OK, so Vintage Hills teachers are talking. I have to say I had some wonderful teachers at Vintage Hills, but I also have to say I had bad teachers. The good teachers would have been great with 20 or 32 students it wouldn't have mattered. Regardless of the class size, there were always about 4 kids that took up 50% of the teacher's time. I was actually told by a teacher at Vintage Hills (20 to a cless), that my child's role was to help the other kids at her table group. That was ridiculous considering she was only 6 years old. Reality is that we have a serious economic issue. People are taking paycuts or losing jobs. It's a really tough time to ask for more money. All districts are in the same boat. Don't think that if we don't pass the tax our district will be the only one to suffer. All district will suffer because if they passed a tax years ago that money is already alloted to programs. It won't be new money to the district. They will also need to find ways to cut expeditures.


Another teacher
Another Pleasanton neighborhood
on Feb 7, 2009 at 9:23 pm
Another teacher, Another Pleasanton neighborhood
on Feb 7, 2009 at 9:23 pm

Hey Sherri, where is my front bottom? I have a "rear bottom", although most people would say it is just my bottom, but I can't locate my 'front bottom', or my 'rear top'. I was educated in Pleasanton, and you must be right, those Pleasanton teachers are overpaid because they never taught me about my "rear bottom"!!!


Mike
Del Prado
on Feb 8, 2009 at 8:51 am
Mike, Del Prado
on Feb 8, 2009 at 8:51 am

When does the wrestling begin? Please let me know. Thanks in advance.


Sherri
Another Pleasanton neighborhood
on Feb 8, 2009 at 10:08 am
Sherri, Another Pleasanton neighborhood
on Feb 8, 2009 at 10:08 am

Another teacher: Looks like I really got under your skin with those numbers, huh?! LOL! Instead of addressing the issue, or should I say ADMITTING, that you and your colleagues are overpaid and underworked, you chose to take an offensive over my typo. Is that something you teach in class too or is that part of your "quality" Pleasanton education?




Mom
Vintage Hills Elementary School
on Feb 8, 2009 at 12:07 pm
Mom, Vintage Hills Elementary School
on Feb 8, 2009 at 12:07 pm

Yikes, Sherri, you are angry! I think it would benefit you to know the difference between "averages" and actually salaries. All salary schedules are available to the public. If PUSD has a high average salary, then we must have more teachers at the top of the salary schedule nearing retirement. My sister works in the Livermore Schools and they receive benefits on top of their posted salary schedule. Livermore also has a parcel tax, but is still facing budget cuts.

Sherri, why are you so angry at teachers? Do you need know any teachers and see the hours they put into their work? It's clear you are angry about the prospect of increased taxes, but if the parcel tax is on the ballot, it will be the school board's decision. So go to a school board meeting. The school board members were elected by the citizens of Pleasanton, and thus, represent the citizens. It appears that they are hearing from many community members who want PUSD to seek a parcel tax, so that our schools can stay competitive with the communities of San Ramon, Dublin, and Livermore. Also, my friends who live in San Ramon are asked to donate $450.00 per child per year to fund the "extras"-reading specialists, aids, yard duty.......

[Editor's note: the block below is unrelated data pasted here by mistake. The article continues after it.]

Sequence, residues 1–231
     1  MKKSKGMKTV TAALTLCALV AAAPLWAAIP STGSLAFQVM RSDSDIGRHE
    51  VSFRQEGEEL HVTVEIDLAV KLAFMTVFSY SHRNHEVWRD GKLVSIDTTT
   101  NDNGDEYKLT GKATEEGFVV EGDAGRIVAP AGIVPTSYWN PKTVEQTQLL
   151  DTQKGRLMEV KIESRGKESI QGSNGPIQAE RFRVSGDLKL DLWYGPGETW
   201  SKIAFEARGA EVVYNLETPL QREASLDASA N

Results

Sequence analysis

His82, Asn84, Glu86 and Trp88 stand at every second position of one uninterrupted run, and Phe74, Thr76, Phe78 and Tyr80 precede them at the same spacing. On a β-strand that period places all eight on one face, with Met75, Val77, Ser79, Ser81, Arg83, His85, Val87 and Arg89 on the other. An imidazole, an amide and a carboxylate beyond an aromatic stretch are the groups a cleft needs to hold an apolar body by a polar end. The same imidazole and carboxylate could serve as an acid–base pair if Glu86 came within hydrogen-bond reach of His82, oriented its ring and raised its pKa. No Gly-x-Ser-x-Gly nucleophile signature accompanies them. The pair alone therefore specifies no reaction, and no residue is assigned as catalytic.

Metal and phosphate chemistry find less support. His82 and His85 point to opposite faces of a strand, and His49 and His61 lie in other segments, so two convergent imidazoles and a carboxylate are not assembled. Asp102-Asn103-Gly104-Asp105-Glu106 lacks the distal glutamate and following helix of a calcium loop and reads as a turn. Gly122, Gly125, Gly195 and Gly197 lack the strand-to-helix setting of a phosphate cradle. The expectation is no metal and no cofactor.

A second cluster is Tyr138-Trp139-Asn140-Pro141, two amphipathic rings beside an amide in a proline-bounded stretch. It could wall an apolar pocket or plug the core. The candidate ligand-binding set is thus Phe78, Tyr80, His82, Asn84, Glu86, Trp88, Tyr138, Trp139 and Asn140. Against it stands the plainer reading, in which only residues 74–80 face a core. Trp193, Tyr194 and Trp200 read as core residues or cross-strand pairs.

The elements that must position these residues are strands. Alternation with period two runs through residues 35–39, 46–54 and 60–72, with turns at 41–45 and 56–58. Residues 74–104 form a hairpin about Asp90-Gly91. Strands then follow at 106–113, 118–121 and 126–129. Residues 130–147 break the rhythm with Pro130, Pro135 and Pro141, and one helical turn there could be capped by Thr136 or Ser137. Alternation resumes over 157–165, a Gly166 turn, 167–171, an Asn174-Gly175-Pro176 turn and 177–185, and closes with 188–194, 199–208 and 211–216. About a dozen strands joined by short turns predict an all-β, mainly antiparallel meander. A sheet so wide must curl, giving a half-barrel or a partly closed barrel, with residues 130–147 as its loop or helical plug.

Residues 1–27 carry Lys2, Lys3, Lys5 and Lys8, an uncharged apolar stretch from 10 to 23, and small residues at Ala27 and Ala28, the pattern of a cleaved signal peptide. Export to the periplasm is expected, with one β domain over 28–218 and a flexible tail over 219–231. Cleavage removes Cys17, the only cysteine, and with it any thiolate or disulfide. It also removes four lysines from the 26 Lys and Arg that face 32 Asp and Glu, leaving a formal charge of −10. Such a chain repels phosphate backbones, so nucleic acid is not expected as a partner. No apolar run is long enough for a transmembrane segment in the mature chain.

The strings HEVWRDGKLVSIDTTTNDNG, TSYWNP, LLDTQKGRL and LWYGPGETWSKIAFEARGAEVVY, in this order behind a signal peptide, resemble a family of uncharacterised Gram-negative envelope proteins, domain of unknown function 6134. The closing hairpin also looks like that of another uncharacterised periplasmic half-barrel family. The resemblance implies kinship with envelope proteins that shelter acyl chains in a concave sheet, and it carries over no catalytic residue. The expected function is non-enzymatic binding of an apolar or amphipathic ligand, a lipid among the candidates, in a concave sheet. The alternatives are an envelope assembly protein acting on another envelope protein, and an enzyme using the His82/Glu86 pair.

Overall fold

Typing here and preaching to the choir (it appears most bloggers are anti-Parcel tax) doesn't really get your point across to the correct audience. Because you appear to have so much energy and time, I hope you have written your legislatures and the governor. If schools were funded properly, PUSD and all the other Tri-Valley districts would not be considering or already have in place parcel taxes. The state of government is truly a mess, but children didn't cause it nor should the quality of their education suffer for it.

It's true that many above grade level children will do fine academically without 20-1, but as mentioned above blog, there are more and more children who struggle. A quality teacher can teach 32 students; however, the pace and the individualized instruction will change considerably. My question to the state is why by law did my child require a 12-1 in preschool, but now in elementary school (one year later), the ratio can go as high as 34-1? Frankly, I can't imagine 33 4-5 year olds with one teacher. I am glad that wasn't the case this year.


Lisa
Foothill Knolls
on Feb 8, 2009 at 1:03 pm
Lisa, Foothill Knolls
on Feb 8, 2009 at 1:03 pm

When my oldest child was in grade school (about 15 years ago) each classroom had a trained, paid teachers assistants. That was an inexpensive way of bringing a class with 32 students down to a 1-16 ratio. The teachers union voted to get rid of the aids in order to put the aids salary in their own pay check.
At the time I though it was not in the children's best interest but the union does not consider the children. Perhaps it is time to reconsider paid teachers aids. Of course the union would not like this because they would not be union members.